cover image Flora Macdonald: “Pretty Young Rebel”: Her Life and Story

Flora Macdonald: “Pretty Young Rebel”: Her Life and Story

Flora Fraser. Knopf, $30 (288p) ISBN 978-0-451-49438-2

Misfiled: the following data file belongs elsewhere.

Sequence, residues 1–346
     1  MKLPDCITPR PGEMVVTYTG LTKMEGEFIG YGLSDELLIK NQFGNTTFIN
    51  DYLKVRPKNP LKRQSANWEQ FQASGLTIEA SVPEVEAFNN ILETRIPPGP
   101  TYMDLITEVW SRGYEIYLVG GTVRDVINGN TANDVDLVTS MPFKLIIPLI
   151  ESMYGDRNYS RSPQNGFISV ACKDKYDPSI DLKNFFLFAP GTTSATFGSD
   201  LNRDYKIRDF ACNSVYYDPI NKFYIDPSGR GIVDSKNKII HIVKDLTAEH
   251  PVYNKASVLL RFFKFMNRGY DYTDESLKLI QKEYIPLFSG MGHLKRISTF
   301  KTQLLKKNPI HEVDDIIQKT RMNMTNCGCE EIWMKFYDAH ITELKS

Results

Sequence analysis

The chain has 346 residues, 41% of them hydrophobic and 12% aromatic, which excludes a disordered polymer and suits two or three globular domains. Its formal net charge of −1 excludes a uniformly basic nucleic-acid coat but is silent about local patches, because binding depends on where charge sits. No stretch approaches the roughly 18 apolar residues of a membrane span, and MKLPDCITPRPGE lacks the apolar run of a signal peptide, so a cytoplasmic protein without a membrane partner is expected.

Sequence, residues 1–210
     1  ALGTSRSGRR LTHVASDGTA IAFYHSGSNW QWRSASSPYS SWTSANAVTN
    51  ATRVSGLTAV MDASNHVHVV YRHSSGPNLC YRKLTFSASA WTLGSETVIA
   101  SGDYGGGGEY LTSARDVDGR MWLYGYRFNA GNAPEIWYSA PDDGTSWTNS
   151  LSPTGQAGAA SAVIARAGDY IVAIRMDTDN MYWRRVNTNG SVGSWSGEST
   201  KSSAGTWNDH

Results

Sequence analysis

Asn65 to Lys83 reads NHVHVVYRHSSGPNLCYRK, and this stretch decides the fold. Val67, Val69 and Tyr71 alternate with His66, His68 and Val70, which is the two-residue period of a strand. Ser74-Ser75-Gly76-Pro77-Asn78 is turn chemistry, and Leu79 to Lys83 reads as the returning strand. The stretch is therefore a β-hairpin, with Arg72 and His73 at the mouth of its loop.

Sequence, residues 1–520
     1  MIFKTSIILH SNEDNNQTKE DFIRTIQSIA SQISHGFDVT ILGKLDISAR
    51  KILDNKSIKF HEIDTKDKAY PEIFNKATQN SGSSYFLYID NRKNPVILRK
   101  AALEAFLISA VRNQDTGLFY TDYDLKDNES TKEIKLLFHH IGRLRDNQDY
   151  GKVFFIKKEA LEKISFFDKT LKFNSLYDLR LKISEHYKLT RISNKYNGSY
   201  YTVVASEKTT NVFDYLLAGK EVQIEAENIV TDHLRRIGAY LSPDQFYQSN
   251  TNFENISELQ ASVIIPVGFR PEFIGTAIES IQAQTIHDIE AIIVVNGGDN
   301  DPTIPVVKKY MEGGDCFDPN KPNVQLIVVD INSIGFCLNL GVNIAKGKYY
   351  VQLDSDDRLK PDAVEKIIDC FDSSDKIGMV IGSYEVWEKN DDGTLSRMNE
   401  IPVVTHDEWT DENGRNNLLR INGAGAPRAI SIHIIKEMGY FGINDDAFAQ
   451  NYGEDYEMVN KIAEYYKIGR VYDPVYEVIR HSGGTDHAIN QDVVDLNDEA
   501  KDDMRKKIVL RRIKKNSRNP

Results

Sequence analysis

Historian Fraser (The Washingtons) explores themes of national identity and cultural mythmaking in this colorful biography of her namesake, 18th-century Scottish heroine Flora Macdonald. In 1746, Prince Charles Edward Stuart, the “Pretender” to the British throne and leader of the Jacobite Rebellion, fled to the Isle of Skye disguised as Macdonald’s Irish maid. Fraser details how Macdonald’s “quiet life” as a 24-year-old “Highland gentlewoman” was “disrupted and endangered by her week’s adventure with the prince,” but spends the bulk of the narrative on the aftermath. Drawing on contemporaneous newspaper reports and eyewitness testimonies, Fraser debunks numerous myths about the incident, noting, for instance, that the popular 19th-century folk song “Flora Macdonald’s Lament” spread Flora’s fame beyond Scotland along with false rumors that she had a romantic relationship with the prince. More profoundly, Fraser documents her subject’s precarious existence in Revolutionary-era North Carolina and reveals that Macdonald retained her “vivacity of character” and “amiableness of disposition” despite losing her health and wealth. Along the way, literary representations of the events of 1746, including Walter Scott’s Waverley, are expertly analyzed. This affecting history gives due credit to the real woman at the center of a captivating legend. (Jan.)